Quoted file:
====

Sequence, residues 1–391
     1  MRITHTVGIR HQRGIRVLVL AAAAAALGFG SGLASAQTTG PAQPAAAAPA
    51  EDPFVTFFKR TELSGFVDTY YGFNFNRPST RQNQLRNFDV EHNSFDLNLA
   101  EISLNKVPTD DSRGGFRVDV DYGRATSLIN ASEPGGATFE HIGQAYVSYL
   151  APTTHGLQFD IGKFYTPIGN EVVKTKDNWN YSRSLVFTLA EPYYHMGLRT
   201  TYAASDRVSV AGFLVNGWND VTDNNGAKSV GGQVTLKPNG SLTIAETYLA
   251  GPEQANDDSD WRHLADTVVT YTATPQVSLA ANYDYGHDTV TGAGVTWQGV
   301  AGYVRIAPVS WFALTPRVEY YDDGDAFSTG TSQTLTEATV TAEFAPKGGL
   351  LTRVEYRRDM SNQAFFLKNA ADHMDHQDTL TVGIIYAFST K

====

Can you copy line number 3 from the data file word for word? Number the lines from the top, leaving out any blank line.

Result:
    51  EDPFVTFFKR TELSGFVDTY YGFNFNRPST RQNQLRNFDV EHNSFDLNLA